- English players of Harry Potter: Hogwarts Mystery see wildly different pricing for the game’s microtransactions.
- It appears from this evidence that Warner Bros. Interactive is testing out different new pricing structures.
- This is most likely a response to the backlash the game received upon release for its aggressive microtransaction push.
When Warner Bros. Interactive announced the mobile game Harry Potter: Hogwarts Mystery, we knew it would likely be free-to-play and feature some form of microtransactions. However, we had no idea how brazen the game would be in requiring real-life money to advance the game’s plot.
Perhaps in response to the backlash, including from here at Android Authority, it appears that Warner Bros. Interactive is testing out different pricing structures for the gems you need to buy in Hogwarts Mystery. So far, we have anecdotal data from users in England, via Eurogamer, who are reporting much different pricing for the same products.
For example, some users are reporting that 130 gems cost £0.99, a hefty discount off the original £4.99. However, others say that the same amount of gems costs £0.79 for them, down from an entirely different price of £2.99. Others report no discounts.
Judging from this, it appears Warner Bros. Interactive is doing some A/B testing of its pricing model. In other words, the company is testing different pricing structures for different users to see which model makes the most sense for Harry Potter: Hogwarts Mystery.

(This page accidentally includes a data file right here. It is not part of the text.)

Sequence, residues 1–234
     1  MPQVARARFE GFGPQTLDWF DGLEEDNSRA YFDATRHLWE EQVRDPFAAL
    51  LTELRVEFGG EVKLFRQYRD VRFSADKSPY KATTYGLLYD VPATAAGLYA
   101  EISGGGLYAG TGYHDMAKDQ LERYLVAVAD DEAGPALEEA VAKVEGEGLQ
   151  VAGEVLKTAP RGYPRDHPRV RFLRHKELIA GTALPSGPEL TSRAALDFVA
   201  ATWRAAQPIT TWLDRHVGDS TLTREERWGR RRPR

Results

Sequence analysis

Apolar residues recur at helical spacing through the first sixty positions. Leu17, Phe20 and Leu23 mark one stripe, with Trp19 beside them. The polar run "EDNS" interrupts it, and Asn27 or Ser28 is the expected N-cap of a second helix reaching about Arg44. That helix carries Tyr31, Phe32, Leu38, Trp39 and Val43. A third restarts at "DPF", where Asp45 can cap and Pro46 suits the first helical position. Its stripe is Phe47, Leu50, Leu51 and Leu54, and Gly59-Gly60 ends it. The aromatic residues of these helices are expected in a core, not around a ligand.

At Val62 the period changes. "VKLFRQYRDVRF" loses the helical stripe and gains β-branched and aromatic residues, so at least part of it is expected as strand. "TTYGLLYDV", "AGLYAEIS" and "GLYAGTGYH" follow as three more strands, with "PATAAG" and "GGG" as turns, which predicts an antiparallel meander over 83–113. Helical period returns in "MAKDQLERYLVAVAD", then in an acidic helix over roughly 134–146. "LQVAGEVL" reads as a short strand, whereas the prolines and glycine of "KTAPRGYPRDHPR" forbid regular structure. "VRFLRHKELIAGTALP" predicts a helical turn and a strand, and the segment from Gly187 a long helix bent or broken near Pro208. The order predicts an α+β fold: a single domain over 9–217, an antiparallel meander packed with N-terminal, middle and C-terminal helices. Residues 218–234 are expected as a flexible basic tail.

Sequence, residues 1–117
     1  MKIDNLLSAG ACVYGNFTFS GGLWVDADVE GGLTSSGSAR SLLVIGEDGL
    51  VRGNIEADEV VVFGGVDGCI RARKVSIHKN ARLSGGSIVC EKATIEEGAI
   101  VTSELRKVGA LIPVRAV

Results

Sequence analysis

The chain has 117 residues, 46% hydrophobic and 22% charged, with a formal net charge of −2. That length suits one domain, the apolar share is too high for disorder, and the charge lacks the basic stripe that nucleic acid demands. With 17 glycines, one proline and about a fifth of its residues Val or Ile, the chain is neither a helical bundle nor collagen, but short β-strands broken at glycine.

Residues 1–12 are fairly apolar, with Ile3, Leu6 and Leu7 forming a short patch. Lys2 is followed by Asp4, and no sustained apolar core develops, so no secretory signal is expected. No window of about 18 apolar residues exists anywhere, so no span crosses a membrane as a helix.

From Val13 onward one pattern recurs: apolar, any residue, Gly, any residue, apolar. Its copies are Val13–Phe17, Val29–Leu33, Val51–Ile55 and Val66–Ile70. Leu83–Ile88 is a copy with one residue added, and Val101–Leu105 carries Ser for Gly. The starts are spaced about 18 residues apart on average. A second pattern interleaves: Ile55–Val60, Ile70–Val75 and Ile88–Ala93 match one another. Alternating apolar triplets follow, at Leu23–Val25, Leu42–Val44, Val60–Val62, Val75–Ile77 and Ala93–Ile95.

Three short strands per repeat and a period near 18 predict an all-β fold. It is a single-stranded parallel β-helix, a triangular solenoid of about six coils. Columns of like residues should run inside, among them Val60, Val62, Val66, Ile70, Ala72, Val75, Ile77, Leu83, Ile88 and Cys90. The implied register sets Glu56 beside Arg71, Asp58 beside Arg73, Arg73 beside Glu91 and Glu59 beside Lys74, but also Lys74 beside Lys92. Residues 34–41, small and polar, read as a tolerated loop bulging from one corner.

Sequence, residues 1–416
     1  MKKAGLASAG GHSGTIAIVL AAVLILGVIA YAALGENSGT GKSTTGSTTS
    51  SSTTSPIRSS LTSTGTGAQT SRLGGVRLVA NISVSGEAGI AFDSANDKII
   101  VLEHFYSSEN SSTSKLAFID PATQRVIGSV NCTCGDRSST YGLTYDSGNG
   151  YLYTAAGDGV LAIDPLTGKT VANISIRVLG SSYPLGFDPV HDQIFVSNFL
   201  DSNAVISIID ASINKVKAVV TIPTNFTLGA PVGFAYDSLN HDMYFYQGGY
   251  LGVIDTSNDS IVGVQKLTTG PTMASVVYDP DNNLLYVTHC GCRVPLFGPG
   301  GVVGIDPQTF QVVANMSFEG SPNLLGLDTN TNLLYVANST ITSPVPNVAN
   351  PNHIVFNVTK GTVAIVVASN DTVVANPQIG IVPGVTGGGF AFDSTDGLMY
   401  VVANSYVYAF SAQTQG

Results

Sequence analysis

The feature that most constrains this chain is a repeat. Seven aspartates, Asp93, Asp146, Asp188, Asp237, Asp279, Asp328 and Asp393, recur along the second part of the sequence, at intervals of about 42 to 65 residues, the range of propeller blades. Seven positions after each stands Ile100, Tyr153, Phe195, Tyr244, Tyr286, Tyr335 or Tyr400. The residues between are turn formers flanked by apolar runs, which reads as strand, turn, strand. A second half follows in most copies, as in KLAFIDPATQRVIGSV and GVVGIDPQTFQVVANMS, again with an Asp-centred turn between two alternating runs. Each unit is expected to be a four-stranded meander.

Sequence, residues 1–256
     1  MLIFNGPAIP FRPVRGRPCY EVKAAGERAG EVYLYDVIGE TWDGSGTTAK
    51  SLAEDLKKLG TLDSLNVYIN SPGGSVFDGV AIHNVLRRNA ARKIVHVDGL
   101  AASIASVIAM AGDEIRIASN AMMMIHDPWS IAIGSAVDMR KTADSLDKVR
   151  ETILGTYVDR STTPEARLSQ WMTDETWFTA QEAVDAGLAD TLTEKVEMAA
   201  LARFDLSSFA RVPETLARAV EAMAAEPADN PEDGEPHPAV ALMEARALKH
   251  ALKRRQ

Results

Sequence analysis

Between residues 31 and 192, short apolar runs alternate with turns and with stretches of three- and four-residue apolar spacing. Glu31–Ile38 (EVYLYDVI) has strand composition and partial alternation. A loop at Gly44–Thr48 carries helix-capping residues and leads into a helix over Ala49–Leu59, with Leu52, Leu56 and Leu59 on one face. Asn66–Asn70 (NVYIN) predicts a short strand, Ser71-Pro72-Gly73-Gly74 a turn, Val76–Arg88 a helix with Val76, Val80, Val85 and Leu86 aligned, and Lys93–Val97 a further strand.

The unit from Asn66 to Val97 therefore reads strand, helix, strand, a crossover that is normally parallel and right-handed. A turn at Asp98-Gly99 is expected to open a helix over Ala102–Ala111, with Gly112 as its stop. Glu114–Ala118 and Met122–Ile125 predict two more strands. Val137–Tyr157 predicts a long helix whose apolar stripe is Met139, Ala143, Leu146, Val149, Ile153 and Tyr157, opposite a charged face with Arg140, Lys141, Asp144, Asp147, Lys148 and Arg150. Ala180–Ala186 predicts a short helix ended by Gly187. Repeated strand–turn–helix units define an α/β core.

A/B testing isn’t unusual, but the massive discrepancy between the pricing that specific users see seems to point to Warner Bros. Interactive having a tenuous grasp of what a “fair” microtransaction policy should be for a game as popular as Hogwarts Mystery. This is quite perplexing, as Harry Potter is one of the most popular franchises in history, and Hogwarts Mystery is an officially-licensed product. How can the company be this ill-prepared?
This also doesn’t touch on the controversy that a game which is clearly geared towards children having so much of a dependency on microtransactions. It seems highly irresponsible to force children to beg their parents for money so that they can advance from one part of the game to another.
Warner Bros. Interactive has yet to speak on the matter. We’ll update this article should the company release a statement.